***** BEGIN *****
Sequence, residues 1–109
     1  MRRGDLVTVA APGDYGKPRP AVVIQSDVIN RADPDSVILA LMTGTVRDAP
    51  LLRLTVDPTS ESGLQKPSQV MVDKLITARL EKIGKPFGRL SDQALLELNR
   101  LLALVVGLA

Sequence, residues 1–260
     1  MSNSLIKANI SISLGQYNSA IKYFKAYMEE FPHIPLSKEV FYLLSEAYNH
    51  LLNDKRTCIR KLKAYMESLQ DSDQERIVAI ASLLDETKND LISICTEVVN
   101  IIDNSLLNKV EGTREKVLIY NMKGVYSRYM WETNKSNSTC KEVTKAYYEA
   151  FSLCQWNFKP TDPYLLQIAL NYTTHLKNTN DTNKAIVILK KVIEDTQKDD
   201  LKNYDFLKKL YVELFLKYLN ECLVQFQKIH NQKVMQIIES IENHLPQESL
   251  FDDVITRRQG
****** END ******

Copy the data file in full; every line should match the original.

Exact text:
Sequence, residues 1–109
     1  MRRGDLVTVA APGDYGKPRP AVVIQSDVIN RADPDSVILA LMTGTVRDAP
    51  LLRLTVDPTS ESGLQKPSQV MVDKLITARL EKIGKPFGRL SDQALLELNR
   101  LLALVVGLA

Sequence, residues 1–260
     1  MSNSLIKANI SISLGQYNSA IKYFKAYMEE FPHIPLSKEV FYLLSEAYNH
    51  LLNDKRTCIR KLKAYMESLQ DSDQERIVAI ASLLDETKND LISICTEVVN
   101  IIDNSLLNKV EGTREKVLIY NMKGVYSRYM WETNKSNSTC KEVTKAYYEA
   151  FSLCQWNFKP TDPYLLQIAL NYTTHLKNTN DTNKAIVILK KVIEDTQKDD
   201  LKNYDFLKKL YVELFLKYLN ECLVQFQKIH NQKVMQIIES IENHLPQESL
   251  FDDVITRRQG